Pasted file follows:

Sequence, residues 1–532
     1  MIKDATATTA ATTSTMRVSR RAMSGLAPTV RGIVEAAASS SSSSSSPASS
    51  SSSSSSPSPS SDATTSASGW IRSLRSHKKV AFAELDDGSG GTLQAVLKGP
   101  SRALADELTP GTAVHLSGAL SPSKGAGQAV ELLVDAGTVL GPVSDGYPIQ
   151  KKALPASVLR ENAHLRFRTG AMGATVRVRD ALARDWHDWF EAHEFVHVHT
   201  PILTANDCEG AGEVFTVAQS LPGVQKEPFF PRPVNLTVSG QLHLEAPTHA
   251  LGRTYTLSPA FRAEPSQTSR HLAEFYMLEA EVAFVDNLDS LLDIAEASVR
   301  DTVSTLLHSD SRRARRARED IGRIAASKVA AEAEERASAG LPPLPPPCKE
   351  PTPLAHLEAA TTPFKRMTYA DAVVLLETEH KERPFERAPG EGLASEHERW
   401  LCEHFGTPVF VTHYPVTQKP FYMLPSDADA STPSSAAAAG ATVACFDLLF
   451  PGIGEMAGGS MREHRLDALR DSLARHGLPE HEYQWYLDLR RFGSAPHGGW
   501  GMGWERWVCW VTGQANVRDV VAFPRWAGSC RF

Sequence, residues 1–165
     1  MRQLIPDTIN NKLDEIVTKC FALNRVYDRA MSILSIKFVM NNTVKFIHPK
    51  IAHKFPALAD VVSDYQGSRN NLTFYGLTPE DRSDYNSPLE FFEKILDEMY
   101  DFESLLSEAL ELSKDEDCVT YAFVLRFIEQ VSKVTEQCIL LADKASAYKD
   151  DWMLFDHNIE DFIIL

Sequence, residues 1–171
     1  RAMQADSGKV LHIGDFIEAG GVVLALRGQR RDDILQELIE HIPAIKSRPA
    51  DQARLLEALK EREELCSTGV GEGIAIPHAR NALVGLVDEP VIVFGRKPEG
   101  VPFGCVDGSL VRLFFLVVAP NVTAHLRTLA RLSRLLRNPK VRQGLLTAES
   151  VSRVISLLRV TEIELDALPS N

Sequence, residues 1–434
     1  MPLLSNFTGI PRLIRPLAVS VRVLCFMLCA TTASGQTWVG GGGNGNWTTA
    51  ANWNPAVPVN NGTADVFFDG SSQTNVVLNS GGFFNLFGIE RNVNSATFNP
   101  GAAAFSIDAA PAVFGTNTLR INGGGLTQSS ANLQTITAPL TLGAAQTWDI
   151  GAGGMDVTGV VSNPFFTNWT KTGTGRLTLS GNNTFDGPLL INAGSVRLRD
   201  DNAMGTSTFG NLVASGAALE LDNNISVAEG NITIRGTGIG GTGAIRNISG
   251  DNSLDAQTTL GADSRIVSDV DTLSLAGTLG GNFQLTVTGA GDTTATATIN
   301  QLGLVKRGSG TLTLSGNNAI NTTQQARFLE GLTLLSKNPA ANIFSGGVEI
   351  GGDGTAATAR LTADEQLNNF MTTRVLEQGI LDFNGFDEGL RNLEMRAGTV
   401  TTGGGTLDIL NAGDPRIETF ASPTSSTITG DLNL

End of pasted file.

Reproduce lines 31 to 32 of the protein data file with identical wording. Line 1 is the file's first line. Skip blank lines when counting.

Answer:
   351  GGDGTAATAR LTADEQLNNF MTTRVLEQGI LDFNGFDEGL RNLEMRAGTV
   401  TTGGGTLDIL NAGDPRIETF ASPTSSTITG DLNL